The Health Risks of Vaping

Man Using An Electric Cigarette
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10/21/2019 UPDATE: Recent illnesses have been associated with the use of e-cigarettes (vaping). Since the specific causes of these lung injury cases are not yet known, the Centers for Disease Control and Prevention (CDC) recommends refraining from all vaping products.

If you have a respiratory condition such as chronic obstructive pulmonary disease (COPD), it is important that you consider all the facts before using electronic cigarettes—popularly known as e-cigarettes.

First introduced into the market in 2003, the devices were promoted as a way to cut back on cigarettes. When you have pulmonary disease, smoking cessation is undoubtedly the most important aspect of taking care of your health. However, evidence supporting the use of e-cigarettes as an effective strategy for smoking cessation is lacking.

As e-cigarette use has increased, it has become clear that the devices pose serious health risks of their own. Amid increasing reports of deaths and serious illnesses, in 2019 the U.S. Food and Drug Administration (FDA) formally announced a plan to restrict flavored e-cigarette products and to increase the regulation of all electronic nicotine delivery systems. These include the components of e-cigarettes as well as e-liquids, cartridges, flavorings, and atomizers. By the end of January 2020, e-cigarette companies were required to cease manufacturing and selling flavored vaping products (excluding menthol and tobacco).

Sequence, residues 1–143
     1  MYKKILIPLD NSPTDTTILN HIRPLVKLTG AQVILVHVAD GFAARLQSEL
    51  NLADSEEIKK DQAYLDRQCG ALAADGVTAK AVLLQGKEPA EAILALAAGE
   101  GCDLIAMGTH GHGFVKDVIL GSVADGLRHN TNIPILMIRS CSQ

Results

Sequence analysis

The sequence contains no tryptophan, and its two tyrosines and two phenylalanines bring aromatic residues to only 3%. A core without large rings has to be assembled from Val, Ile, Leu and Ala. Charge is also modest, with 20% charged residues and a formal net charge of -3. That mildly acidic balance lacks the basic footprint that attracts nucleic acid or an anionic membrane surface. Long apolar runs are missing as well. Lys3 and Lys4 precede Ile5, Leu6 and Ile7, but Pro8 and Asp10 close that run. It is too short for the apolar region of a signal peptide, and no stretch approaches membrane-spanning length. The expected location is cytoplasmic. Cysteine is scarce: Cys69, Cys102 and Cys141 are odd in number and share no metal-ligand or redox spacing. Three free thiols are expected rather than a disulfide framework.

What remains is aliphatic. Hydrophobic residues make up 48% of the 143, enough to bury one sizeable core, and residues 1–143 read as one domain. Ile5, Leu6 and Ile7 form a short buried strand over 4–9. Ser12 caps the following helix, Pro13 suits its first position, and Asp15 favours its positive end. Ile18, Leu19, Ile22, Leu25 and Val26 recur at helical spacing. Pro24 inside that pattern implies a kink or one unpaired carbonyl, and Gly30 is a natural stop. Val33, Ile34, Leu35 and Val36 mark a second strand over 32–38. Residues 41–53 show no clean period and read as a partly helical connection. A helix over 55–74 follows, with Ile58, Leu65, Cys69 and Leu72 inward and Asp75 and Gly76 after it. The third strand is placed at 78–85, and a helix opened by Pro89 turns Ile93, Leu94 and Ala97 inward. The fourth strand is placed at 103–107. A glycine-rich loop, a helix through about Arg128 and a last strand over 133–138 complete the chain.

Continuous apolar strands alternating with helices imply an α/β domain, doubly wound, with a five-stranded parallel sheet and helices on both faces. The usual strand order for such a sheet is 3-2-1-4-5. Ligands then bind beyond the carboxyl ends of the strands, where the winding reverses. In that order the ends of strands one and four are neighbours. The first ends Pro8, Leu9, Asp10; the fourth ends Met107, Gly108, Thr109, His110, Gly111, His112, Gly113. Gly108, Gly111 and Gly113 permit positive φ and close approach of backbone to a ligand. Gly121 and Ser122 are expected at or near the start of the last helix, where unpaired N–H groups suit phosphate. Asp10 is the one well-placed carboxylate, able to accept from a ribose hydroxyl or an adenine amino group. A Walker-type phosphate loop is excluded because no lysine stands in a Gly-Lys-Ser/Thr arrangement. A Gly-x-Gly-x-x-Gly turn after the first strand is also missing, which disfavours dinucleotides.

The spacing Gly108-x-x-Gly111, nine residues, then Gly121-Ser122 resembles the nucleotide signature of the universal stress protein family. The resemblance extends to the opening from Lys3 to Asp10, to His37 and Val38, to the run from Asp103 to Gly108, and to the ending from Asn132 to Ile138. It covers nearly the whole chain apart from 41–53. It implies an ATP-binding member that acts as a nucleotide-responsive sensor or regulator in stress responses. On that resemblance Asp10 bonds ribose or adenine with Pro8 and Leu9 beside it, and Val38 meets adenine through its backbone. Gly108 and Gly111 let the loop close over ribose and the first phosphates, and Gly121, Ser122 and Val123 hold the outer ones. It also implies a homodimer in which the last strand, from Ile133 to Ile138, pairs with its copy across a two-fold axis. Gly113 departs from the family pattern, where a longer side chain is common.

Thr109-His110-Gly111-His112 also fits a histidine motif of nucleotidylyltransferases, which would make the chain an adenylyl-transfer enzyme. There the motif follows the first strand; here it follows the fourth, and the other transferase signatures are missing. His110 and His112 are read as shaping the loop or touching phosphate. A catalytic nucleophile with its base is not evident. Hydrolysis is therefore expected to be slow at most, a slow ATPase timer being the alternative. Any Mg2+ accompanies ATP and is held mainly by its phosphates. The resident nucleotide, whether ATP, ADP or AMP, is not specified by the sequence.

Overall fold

As of Dec. 20, 2019, the new legal age limit is 21 years old for purchasing cigarettes, cigars, or any other tobacco products in the U.S.

How E-Cigarettes Work

E-cigarettes are battery-powered devices filled with a solution of liquid nicotine, water, and propylene glycol. They are cylindrical in shape and may resemble a cigarette, flash drive, or mobile phone.

When you take a puff on an e-cigarette, a battery heats up the solution to create a vapor (steam) that you can inhale. The action of inhaling the vapor (which is similar to the sensation of smoking) is described as "vaping.”